When I got a tour of the LHC a few months before they started looking for God I was very surprised to find no fewer than 6 networks appearing on my phone, despite being a looong way underground. I could even connect to some of them ...

  16. Anonymous Coward
    Paris Hilton


    It's a bit of a technicality that they are illegal really. In-car iPod FM transmitters were illegal until their use was specifically legislated but I doubt anyone was every prosecuted using one? I believe they were only made legal because there were so many of them. Hopefully these will go the same route - but I think I'll wait until type approval. Not sure I would want a high power 2.4Ghz transmitter in my house apart from the Microwave Oven.

  17. Anonymous Coward


    to all you Mobile Phone FanBois...

    Ur all gonna get Cancer!

    oh-oh-oh i wanna base station in my house!....

    yeah and looks like u need some ready made boxes for the wife n kids, cos ur all gonna need them...

    oops its Xmass!, well looks like ur gonna get the boxes all round, at least ;p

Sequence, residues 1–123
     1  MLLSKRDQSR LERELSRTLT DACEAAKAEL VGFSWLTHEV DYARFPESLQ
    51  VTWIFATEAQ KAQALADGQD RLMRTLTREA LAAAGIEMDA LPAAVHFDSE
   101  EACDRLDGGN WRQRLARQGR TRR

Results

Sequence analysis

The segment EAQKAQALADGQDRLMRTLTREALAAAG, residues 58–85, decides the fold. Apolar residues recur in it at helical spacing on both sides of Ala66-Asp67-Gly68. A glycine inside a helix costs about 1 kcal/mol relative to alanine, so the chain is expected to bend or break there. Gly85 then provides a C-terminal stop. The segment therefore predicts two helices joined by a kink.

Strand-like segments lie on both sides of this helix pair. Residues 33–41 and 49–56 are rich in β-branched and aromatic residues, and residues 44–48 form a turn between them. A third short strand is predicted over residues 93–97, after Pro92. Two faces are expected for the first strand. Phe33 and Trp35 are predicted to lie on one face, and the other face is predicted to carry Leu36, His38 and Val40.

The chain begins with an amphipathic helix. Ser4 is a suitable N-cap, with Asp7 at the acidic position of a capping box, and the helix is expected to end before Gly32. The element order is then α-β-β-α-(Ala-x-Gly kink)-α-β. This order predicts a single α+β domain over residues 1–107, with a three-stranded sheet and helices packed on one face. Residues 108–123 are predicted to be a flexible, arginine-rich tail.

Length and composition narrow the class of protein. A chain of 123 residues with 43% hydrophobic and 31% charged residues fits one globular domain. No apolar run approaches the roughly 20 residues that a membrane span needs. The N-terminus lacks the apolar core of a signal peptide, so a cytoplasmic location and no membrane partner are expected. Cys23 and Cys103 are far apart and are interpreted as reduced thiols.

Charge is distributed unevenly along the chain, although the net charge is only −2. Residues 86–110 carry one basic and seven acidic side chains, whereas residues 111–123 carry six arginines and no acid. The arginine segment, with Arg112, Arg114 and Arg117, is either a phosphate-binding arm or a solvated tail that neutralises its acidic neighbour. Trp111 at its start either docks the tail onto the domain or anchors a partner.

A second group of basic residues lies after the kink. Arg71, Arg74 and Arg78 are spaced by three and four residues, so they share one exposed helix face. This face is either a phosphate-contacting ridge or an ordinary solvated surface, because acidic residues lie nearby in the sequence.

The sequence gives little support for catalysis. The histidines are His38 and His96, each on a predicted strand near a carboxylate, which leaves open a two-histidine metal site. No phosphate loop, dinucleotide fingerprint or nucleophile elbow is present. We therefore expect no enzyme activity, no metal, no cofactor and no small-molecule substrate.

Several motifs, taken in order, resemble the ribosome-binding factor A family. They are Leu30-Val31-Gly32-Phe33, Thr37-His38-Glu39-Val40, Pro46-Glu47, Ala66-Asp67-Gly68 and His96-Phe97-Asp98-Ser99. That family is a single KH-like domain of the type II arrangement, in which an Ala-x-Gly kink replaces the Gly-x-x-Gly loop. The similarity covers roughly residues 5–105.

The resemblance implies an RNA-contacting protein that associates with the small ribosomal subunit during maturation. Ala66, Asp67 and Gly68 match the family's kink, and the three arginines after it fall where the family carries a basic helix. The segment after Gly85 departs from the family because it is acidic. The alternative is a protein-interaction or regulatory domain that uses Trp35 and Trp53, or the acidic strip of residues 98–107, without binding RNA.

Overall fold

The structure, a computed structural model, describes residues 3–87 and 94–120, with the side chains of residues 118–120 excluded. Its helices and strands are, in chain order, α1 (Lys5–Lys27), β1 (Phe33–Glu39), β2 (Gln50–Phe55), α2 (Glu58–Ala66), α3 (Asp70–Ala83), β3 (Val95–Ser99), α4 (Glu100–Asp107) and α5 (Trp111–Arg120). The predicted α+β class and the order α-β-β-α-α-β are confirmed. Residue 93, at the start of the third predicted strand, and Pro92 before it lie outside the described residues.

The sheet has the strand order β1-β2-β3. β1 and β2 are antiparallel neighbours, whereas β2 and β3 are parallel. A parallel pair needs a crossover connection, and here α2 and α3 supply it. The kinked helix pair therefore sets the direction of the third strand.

gimme a 5W Jammer and a nice inconspicuos mast, hidden on the side of the block of flats amongst the numerous sky/VM black cables....

    so. thats 920, 1.7-1.9, 2.2-2.5, 5-6Ghz all nicely damped......


    wheres me TinFiol........

  18. Anonymous Coward
    Anonymous Coward

    @Operators need to keep taps on them

    There is another good reason as well, in addition to the potential to connect more phones to a cell than it's dimensioned for.

    A lot of work goes into ensuring that adjacent cells do not use the same or overlapping channels as the resulting interference would be a 'bad thing' - extending the range of a cell with ad hoc repeaters has the potential to undo this RF engineering work in a city environment and cause interference to other cells.

  19. Charles Smith

    Even more useful

    An even more useful device, but equally illegal in this country are mobile 'phone jammers. They work well and would be ideal in theatres/restaurants.

    Ah well off to Qinetiq for some of their passive mobile phone signal suppressing wallpaper.

  20. Dave

    Arrests and charges are not prosecutions

    I wonder how many people have been prosecuted though, as opposed to arrested or charged, both of which are only used when there's some necessity, to prevent further offences, or take someone dangerous away from the public.

    There's not many people arrested or charged for speeding either but thousands of prosecutions for it.

    I say that as an interested party by the way, I would gladly pay £300 for perfect reception at my house which is just a bit too far to get decent signal quality anywhere but the kitchen.

    If <insert mobile operator here> would give me permission I'd snap it up. After all 250 sqm is only a 9m radius so unless the cows complain it wouldn't bother any of the neighbours.